CitationKundakova, Makpal; Rima, Dzhansarayeva; Atakhanova, Gulzagira; Temirbolat, Nuraisha; & Beaver, Kevin M. (2020). Does Self-control Predict Crime, Delinquency, and Victimization in Immigrants? A Longitudinal Analysis. Journal of Interpersonal Violence.
AbstractGottfredson and Hirschi’s theory of low self-control has generated a considerable amount of research and the results of these studies have shown that low levels of self-control are consistently associated with involvement in antisocial outcomes. Despite the empirical support for this theory, there still remain areas of it that need to be more fully evaluated. Once such area is whether self-control is associated with antisocial outcomes in samples of immigrants. The current study sought to address this gap in the literature. To do so, data drawn from the National Longitudinal Study of Adolescent to Adult Health (Add Health) were analyzed. The results of the statistical models revealed that low levels of self-control were associated with increases in self-reported delinquency, being arrested, being convicted of a crime, being sentenced to probation, being incarcerated, and being victimized. Taken together, the results of this study show that self-control is a robust predictor of antisocial outcomes among immigrants. We conclude by identifying limitations of the current study and directions for future research.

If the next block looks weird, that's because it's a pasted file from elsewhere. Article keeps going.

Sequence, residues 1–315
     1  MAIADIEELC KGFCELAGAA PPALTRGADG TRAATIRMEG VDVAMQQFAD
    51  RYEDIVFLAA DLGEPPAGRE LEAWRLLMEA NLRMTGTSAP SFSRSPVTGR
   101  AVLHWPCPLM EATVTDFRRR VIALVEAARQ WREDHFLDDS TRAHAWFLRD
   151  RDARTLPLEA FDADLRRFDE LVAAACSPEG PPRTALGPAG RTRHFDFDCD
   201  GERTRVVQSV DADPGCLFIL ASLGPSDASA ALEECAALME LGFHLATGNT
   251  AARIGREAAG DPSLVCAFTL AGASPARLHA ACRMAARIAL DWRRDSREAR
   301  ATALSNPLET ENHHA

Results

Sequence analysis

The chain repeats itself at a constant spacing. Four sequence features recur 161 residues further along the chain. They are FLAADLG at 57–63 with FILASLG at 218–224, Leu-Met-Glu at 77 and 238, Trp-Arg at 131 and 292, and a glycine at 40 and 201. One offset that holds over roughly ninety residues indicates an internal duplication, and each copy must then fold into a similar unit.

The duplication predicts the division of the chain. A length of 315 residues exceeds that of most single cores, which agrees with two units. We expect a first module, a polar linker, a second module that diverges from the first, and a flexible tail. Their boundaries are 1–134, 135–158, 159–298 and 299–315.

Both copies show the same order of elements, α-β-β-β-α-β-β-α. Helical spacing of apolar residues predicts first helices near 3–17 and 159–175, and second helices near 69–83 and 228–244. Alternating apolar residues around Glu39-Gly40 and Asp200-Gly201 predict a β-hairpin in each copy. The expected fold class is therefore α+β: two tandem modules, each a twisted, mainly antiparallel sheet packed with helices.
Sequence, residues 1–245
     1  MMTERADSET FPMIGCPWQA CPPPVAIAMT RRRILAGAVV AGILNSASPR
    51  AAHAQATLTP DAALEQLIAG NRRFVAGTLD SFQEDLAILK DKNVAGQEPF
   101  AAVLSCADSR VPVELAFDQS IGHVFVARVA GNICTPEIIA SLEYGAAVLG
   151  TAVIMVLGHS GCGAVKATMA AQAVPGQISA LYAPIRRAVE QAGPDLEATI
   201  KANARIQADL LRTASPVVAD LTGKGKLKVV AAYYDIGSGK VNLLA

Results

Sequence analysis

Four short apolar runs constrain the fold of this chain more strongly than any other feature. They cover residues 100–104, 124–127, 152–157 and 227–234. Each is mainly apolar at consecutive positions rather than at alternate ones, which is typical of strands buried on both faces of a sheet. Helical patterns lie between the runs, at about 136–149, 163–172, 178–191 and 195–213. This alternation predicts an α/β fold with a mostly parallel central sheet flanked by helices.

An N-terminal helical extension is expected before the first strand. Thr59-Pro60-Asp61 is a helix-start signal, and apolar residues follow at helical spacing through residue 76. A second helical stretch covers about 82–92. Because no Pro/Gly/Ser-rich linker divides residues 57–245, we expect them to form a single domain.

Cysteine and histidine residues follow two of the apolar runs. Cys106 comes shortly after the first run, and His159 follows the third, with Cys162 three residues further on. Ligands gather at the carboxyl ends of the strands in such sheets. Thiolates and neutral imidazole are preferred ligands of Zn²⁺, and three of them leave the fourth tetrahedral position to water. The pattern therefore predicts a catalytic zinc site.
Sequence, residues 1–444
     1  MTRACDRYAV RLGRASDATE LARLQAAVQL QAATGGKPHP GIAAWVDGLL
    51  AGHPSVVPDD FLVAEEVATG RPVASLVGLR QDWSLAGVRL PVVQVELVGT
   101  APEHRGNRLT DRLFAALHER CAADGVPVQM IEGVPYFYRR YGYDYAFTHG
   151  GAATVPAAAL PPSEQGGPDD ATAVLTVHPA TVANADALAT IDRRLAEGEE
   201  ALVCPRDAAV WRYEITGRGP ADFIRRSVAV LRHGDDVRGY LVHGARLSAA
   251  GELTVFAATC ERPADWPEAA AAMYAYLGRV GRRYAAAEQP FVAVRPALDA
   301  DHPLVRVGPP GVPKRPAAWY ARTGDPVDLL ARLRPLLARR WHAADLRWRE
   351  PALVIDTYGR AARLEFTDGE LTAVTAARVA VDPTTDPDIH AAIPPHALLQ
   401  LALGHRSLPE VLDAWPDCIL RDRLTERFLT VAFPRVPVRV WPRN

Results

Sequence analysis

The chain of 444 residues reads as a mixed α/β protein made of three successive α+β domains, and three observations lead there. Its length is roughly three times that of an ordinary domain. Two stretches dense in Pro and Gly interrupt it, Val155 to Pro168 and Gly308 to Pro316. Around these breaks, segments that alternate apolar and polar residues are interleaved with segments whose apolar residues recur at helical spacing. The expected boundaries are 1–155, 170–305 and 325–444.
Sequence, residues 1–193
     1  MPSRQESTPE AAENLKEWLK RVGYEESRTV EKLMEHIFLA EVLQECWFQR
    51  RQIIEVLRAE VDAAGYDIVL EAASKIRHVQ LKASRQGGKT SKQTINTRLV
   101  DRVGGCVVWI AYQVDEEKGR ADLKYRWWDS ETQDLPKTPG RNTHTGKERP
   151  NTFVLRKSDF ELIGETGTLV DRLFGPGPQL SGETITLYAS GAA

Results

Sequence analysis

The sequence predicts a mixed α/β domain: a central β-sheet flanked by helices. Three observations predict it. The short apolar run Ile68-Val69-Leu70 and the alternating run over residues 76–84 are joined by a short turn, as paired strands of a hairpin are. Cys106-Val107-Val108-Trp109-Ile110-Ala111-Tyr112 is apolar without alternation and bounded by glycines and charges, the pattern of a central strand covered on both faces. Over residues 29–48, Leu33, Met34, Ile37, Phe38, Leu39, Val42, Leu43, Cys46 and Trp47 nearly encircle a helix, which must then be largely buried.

Reference TypeJournal Article
Journal TitleJournal of Interpersonal Violence
Beaver, Kevin M.